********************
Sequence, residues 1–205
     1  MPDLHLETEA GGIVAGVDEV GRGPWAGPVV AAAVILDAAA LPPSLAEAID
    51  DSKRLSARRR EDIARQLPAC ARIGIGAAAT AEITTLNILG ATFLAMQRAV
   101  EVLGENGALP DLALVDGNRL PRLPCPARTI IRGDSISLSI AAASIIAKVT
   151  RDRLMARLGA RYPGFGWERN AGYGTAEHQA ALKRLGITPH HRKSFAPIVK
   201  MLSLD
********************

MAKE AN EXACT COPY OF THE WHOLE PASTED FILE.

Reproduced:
Sequence, residues 1–205
     1  MPDLHLETEA GGIVAGVDEV GRGPWAGPVV AAAVILDAAA LPPSLAEAID
    51  DSKRLSARRR EDIARQLPAC ARIGIGAAAT AEITTLNILG ATFLAMQRAV
   101  EVLGENGALP DLALVDGNRL PRLPCPARTI IRGDSISLSI AAASIIAKVT
   151  RDRLMARLGA RYPGFGWERN AGYGTAEHQA ALKRLGITPH HRKSFAPIVK
   201  MLSLD